Sinking and heaving asphalt can be disastrous to your asphalt pavement. Here is why that happens and how to fix it.


Repairs can take different forms depending on the extent of the damage. After we assess the problem, we can decide on the best course of action that will allow you access to your paved surface as quickly as possible. We can get to cracks as soon as they appear and keep your pavement from sinking. Some sections may have to be removed to facilitate the repairs. Sometimes it is only necessary to remove the top layer, but we may have to dig deeper if there is a problem with the subgrade. Of course, regular maintenance can keep your paved areas strong for years. Services like sealcoating and crack routing can help to prevent water seepage so that the top layer will keep holding up. You can do your part by keeping an eye on your asphalt surfaces and calling us when you notice a problem.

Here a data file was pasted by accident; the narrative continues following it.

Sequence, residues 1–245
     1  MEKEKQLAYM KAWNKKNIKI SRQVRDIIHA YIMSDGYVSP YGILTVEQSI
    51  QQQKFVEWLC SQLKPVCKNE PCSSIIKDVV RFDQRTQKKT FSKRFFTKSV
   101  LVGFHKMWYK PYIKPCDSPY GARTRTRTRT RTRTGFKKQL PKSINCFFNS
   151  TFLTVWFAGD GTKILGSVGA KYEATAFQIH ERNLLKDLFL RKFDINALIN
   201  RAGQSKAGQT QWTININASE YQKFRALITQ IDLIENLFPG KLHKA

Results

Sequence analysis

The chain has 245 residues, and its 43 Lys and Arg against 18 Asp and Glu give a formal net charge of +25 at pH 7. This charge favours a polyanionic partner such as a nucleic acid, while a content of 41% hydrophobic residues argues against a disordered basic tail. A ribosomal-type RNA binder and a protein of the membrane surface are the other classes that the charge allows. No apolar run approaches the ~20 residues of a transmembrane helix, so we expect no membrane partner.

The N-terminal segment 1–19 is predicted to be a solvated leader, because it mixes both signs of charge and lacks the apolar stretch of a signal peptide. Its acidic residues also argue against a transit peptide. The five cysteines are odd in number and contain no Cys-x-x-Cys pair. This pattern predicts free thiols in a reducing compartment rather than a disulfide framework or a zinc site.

Heaving (From Frost)

Frost heave is a common problem in colder climates. Many people are watching their asphalt heave as the winter temperatures fluctuate. The cause is the freezing and thawing that comes with above and below freezing temperatures that start the formation of ice lenses. Ice lenses form in the soil under the asphalt and push the surface up as they grow. They are fed from every direction and will continue to grow as long as there is an available water supply. Silt or clay soils are more susceptible to frost heave than better draining soil mixtures. Many people never notice the winter frost heave on their older driveways that have sunken at the garage; but once they repave and have a surface that is even with their garage floor, the heaving is much more noticeable. Chances are, after winter your pavement will need maintenance and repairs. Proper initial installation is extremely important in decreasing the number of repairs and damages frost and winter conditions can cause. A base that is too thin, or one with extremely fine soil can be more susceptible to water and frost heave damages. A parking lot lacking proper drainage can also be a leading factor in excessive asphalt damages and/or surrounding structure damages.

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